Welcome to European Tribune. It's gone a bit quiet around here these days, but it's still going.
Dunno about David Goldman, but the shrewd cookies over at Goldman Sachs are saying that the Norwegian Krone and Swedish Krona are way undervalued.

Bloomberg.com: Exclusive

For Goldman Sachs, the Norwegian krone is the most undervalued currency versus the euro, falling short of the bank's fair value by 42 percent, according to a Jan. 8 research report. At 25 percent, the Swedish krona is the third most undervalued.

And I agree with solveig - who has an instinct for these things (probably 'cos she's a Virgo) <hides> - that Swedish properties are astonishingly good value.

Norwegian property's not bad outside the cities either....

"The future is already here -- it's just not very evenly distributed" William Gibson

by ChrisCook (cojockathotmaildotcom) on Mon Jan 12th, 2009 at 07:02:33 PM EST
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Would that I had a way to return to Voss.
by rifek on Mon Jan 12th, 2009 at 07:28:34 PM EST
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I've liked the Norwegian kroner versus the euro or US dollar for some time.  They've still got some North Sea oil and the ships to transport it to market.  Against this is the rising price of foods - esp. grains.

Swedish krona ... not so much.  One way or the other the Swedes are going to have to spend to build domestic power production to offset the decline in fuel oil production.  Unfortunately that means borrowing in the international capital markets during a time when the US is sucking everything up.  I agree land prices in Sweden are getting interesting.  If I had the money I'd be seriously looking to invest in agriculturally productive lands in Skåne, somewhere near the Copenhagen/Malmo bridge.  

Investing in farmland in Norway is even more interesting.  The downside is the darn government forces you to actually farm it!  (Obnoxious, huh?  ;-)

She believed in nothing; only her skepticism kept her from being an atheist. -- Jean-Paul Sartre

by ATinNM on Tue Jan 13th, 2009 at 01:53:49 PM EST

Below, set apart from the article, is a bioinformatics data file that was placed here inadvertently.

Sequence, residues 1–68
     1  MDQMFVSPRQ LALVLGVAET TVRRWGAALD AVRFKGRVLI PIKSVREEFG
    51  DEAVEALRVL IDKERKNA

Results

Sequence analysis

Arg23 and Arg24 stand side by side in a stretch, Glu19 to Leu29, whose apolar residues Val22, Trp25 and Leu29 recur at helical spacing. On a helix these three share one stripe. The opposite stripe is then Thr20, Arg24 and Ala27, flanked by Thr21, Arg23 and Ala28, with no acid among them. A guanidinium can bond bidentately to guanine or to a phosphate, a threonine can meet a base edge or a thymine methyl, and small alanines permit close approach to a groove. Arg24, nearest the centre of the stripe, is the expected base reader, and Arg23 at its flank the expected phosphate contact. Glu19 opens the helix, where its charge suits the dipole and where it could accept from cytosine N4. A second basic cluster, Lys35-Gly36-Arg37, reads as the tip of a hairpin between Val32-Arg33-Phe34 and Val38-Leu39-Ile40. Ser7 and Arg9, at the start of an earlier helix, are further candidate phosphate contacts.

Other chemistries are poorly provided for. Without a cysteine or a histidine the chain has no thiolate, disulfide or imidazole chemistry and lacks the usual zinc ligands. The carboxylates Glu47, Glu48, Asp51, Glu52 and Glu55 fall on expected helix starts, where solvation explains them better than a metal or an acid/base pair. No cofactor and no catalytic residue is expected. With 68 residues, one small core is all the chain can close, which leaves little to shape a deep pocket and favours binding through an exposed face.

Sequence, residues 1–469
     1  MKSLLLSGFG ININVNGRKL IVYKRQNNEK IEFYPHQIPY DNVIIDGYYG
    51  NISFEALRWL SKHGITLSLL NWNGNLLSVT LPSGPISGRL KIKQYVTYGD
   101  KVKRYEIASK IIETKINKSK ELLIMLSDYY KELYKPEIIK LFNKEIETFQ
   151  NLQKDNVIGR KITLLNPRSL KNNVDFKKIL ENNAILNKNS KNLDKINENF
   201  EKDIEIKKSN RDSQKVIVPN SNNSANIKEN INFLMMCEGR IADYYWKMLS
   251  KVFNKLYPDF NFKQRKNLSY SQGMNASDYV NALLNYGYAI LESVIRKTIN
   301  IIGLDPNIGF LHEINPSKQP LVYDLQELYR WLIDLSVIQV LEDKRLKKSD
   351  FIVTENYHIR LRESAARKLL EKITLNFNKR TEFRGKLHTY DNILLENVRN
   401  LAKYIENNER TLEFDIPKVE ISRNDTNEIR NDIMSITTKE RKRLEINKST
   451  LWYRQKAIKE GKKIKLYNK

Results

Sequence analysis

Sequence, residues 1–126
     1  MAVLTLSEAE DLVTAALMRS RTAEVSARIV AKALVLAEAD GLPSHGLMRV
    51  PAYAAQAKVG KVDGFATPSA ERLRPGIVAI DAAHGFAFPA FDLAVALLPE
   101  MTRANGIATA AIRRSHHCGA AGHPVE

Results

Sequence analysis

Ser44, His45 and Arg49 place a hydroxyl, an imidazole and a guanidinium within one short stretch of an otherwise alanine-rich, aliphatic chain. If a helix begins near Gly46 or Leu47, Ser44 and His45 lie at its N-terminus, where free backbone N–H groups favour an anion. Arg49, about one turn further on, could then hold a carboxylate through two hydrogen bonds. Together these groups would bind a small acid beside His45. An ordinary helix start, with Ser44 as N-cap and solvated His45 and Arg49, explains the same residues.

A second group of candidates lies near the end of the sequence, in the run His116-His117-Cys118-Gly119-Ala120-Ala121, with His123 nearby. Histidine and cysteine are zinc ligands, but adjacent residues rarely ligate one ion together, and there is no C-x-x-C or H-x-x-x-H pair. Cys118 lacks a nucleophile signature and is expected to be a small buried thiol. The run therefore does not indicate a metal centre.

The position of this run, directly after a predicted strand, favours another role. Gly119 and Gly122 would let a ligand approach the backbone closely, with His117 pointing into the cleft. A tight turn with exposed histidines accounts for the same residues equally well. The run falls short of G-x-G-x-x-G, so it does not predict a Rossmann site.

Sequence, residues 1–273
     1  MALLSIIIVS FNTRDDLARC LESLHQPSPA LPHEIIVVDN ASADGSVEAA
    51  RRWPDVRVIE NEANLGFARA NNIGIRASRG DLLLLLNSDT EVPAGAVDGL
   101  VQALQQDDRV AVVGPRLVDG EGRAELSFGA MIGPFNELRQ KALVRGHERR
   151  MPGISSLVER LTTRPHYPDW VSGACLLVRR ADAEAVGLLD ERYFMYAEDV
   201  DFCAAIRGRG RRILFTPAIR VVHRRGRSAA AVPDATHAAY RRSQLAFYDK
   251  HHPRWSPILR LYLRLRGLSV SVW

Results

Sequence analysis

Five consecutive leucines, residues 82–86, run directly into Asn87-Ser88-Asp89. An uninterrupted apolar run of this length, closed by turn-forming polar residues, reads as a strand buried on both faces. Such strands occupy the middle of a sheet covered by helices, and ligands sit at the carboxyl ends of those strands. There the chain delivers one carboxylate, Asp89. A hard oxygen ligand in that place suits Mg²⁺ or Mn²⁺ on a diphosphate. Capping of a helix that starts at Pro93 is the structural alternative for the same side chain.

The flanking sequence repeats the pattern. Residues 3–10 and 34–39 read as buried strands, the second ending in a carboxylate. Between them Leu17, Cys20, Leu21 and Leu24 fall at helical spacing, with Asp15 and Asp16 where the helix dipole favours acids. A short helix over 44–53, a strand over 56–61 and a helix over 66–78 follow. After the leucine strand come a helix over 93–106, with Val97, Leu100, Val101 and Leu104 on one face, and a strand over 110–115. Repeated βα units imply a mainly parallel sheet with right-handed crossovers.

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Solveig has reminded me that if you want to buy Norwegian land you need to be prepared to live on it, and in relation to farming land, you probably have to demonstrate that you have or will acquire farming capability. If the farm is anything more than a smallholding you will have to farm it yourself.

This is because good farmland is in very short supply in Norway, and until very recently the concept of an absentee landlord in Norway simply did not exist. Even today it only tends to apply to the relatively few Yuppie flats which have become the subject of Norway's own mini sub-prime problem.

These restrictions on absentee ownership generally and by extension, on foreign ownership in particular, are one of the key reasons why Norway twice rejected EU membership, which would, I undrestand, have obliged Norway to lift them.

One of the effects has been that Norway has not seen its far-flung populations deserting rural areas for the cities.

It also suited NATO to see the far North of Norway suitably populated against the Red Threat.....

"The future is already here -- it's just not very evenly distributed" William Gibson

by ChrisCook (cojockathotmaildotcom) on Tue Jan 13th, 2009 at 02:15:23 PM EST
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I readily agree with your comment.  With so little arable land available the government - quite rightly - insists land that can be used for farming is used for farming.

She believed in nothing; only her skepticism kept her from being an atheist. -- Jean-Paul Sartre
by ATinNM on Tue Jan 13th, 2009 at 02:56:12 PM EST
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But that does not stop investment in Finland being worthwhile. The very low level of public debt, and a triple A national rating (real) make Finland still quite attractive. There will be increased government borrowing this year, but the fundamentals - so far - are relatively OK.

My clients in the capital intensive forestry/paper industry are shitting bricks, but the rest are more sanguine. I am hoping that an intensive support of exports will be to my benefit, because that is my core business - B2B international.

At the moment, the state R&DI investment remains at around 3.3 % GDP - i.e. relatively high.  That may change with corporate tax income dropping rapidly. But one of my clients just secured 500.000 € from Tekes "(funds innovative research and development projects in companies, universities and research institutes") for a MMO strategy game. (MMO = massively multiplayer online).

But then again the unique aspect of these funding organizations and the research and development they promote has always been at least 8 - 10 years ahead. In a quartal business environment, that has never been more valuable...

You can't be me, I'm taken

by Sven Triloqvist on Tue Jan 13th, 2009 at 06:33:03 PM EST
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Uh... we don't produce or comsume any fuel oil, at least outside some specialised sectors where there are no or few alternatives.

Peak oil is not an energy crisis. It is a liquid fuel crisis.
by Starvid on Wed Jan 14th, 2009 at 03:53:33 PM EST
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